There are presently 12 eHealth pilot projects running in Sri Lanka, according to Prof. Vajira Dissanayake, President of the Health Informatics Society of Sri Lanka (read his column on one such programme, the eIMMR initiative, adjoining this article). Following these successful pilot programmes, many of these eHealth initiatives could go on to change the face [...]

The Sunday Times Sri Lanka

12 eHealth pilot projects running in SL – HISSL President

By Jagdish Hathiramani

There are presently 12 eHealth pilot projects running in Sri Lanka, according to Prof. Vajira Dissanayake, President of the Health Informatics Society of Sri Lanka (read his column on one such programme, the eIMMR initiative, adjoining this article). Following these successful pilot programmes, many of these eHealth initiatives could go on to change the face of Sri Lanka’s national health service, if implemented, while others are likely to positively impact the day-to-day quality of care at small and medium hospitals island-wide.

Dompe hospital where the first eHospital project came online

Further, he outlined that, broadly, these programmes include the following: systems built around patients, such as patient records; public health, where data is gathered for different types of indicators such as immunisations and maternal and child health records; information collected on various types of control programmes, like STDs, TB, Dengue and Malaria, TB, cancer prevention, etc.; data collected on mortality and morbidity (management); lot of interest on radiology; a huge amount of systems for administration and facilities management; campaigns for non-communicable diseases (NCDs); and even a number of health education programmes.

Four of the ongoing or soon-to-be-kicked-off eHealth pilot projects are as follows:

1. The national Personal Health Number initiative. Currently ongoing, this programme facilitates the assignment of a Personal Health Number to all persons utilising public health services locally, no matter the age, nationality, etc. This number will initially start off being issued by individual public health institutes, with each of these 1,200 organisations having its own “point of issue” prefix added to the six-digit unique patient number. These numbers will enable patient records to be stored in central VPN cloud and accessed by all authorised public health institutes, with plans to loop in even private sector healthcare providers, etc at a later date.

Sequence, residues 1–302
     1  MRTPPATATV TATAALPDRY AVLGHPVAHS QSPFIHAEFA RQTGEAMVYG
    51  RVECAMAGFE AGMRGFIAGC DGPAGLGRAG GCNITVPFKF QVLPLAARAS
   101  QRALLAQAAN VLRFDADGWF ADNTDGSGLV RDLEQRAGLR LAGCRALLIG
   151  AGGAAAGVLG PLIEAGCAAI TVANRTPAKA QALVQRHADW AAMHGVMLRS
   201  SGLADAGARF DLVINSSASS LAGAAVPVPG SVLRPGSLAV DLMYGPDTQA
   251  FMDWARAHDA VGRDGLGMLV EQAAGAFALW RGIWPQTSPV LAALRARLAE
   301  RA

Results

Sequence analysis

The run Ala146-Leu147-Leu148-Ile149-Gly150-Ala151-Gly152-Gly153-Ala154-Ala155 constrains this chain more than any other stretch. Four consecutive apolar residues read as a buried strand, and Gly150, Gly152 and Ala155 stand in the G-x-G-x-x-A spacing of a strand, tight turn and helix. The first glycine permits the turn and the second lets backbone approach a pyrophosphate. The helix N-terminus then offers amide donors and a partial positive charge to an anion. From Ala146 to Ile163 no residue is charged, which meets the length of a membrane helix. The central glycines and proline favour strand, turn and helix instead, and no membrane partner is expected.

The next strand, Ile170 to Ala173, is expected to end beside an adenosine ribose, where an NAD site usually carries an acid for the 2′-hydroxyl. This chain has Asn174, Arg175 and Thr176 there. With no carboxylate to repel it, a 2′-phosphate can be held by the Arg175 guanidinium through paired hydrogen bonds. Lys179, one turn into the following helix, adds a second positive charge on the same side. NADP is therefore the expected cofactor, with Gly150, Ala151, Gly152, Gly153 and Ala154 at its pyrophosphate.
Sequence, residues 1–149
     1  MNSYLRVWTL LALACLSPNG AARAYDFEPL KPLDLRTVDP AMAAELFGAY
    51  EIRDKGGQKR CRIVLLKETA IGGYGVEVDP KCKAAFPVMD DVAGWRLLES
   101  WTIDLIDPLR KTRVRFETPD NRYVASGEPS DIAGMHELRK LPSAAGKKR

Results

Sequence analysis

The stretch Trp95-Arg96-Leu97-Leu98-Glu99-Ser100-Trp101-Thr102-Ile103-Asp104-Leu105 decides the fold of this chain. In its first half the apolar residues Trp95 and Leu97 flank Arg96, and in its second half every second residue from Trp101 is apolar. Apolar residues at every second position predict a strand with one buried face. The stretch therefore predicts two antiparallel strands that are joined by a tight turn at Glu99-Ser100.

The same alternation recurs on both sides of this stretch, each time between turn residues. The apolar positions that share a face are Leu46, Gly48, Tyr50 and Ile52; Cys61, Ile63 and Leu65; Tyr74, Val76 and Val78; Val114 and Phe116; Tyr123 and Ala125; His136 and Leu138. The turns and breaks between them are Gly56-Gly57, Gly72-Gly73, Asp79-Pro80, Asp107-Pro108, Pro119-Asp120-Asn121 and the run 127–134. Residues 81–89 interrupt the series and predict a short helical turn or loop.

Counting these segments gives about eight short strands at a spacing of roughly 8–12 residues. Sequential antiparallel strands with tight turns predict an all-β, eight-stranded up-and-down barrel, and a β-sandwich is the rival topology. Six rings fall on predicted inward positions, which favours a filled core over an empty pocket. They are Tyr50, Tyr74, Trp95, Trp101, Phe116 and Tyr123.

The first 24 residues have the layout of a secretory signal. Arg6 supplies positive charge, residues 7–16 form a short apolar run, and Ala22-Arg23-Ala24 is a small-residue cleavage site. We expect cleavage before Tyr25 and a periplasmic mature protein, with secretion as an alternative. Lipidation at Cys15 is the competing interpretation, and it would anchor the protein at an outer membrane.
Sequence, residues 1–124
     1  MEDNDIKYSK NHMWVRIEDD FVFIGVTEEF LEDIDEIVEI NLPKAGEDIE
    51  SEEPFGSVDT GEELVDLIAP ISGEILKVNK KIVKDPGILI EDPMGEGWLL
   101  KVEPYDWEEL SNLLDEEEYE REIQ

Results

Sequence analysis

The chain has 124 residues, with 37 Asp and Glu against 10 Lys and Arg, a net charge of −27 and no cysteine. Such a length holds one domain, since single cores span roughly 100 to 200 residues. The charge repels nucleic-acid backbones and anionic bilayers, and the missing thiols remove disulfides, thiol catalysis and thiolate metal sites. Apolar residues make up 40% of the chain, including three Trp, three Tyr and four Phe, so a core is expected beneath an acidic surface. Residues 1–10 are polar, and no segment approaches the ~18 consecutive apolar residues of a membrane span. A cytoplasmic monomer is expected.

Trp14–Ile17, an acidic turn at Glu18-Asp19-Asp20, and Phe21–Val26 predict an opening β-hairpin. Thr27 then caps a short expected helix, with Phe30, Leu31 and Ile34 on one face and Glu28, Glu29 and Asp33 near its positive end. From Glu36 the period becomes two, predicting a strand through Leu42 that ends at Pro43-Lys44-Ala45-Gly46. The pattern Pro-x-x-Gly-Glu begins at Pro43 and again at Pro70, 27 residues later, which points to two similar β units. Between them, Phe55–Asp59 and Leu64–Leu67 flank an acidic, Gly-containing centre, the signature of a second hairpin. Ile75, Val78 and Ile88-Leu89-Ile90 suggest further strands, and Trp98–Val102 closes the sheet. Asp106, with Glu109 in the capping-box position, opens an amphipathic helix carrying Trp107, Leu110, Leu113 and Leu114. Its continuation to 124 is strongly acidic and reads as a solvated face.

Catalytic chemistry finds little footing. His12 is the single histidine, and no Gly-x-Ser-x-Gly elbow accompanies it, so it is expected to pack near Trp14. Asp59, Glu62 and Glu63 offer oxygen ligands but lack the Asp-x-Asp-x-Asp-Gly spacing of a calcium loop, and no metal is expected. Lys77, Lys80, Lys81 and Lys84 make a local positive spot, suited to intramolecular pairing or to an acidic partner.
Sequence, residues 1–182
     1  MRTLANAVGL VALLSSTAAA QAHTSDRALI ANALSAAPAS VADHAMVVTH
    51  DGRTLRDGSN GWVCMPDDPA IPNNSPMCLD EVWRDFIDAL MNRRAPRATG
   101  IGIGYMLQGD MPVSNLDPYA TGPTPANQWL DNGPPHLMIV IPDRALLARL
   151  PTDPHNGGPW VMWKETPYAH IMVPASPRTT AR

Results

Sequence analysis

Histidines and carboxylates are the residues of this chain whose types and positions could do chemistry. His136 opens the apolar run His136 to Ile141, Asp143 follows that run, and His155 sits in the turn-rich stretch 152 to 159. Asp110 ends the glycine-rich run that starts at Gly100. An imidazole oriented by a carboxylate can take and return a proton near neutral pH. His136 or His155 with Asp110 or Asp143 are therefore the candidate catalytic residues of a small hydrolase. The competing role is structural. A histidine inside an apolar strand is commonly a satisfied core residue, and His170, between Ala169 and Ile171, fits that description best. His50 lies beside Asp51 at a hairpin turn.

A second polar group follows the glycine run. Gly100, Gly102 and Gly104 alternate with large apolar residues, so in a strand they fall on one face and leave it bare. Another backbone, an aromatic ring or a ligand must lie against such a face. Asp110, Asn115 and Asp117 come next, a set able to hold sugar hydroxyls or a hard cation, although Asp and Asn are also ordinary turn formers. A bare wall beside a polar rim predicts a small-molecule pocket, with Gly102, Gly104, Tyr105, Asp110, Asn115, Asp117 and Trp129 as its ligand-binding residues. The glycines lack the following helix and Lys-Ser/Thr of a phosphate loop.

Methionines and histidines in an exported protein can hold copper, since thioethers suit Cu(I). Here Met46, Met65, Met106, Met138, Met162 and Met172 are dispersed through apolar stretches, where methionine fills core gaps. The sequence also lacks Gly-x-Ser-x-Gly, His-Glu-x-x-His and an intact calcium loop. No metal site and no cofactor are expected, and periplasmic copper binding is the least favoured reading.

Dompe’s new patient queue management system in action

The pilot project of this initiative, which also features the issuing of cards with the Patient Health Number, is expected to begin by year’s end in five hospitals in the Galle district, according to Dr. Clive James, the Medical Officer for Health Informatics, Health Information Unit, Ministry of Health.

2. Tying in with the Personal Health Number, another programme that has already been running for over two and a half years (one and a half years for development, eight months for testing, and the rest of the period for implementation) has been the electronic Hospital Information Management System (HIMS), a system to collect patient information as well as a decision support system that was developed at the National Cancer Institute in Maharagama by the Ministry of Health, with the aid of the University of Kelaniya. While previously this type of software was developed by IT developers, this time the system was conceptualised and developed by doctors qualified in biomedical informatics, so the information captured is more relevant to decision making.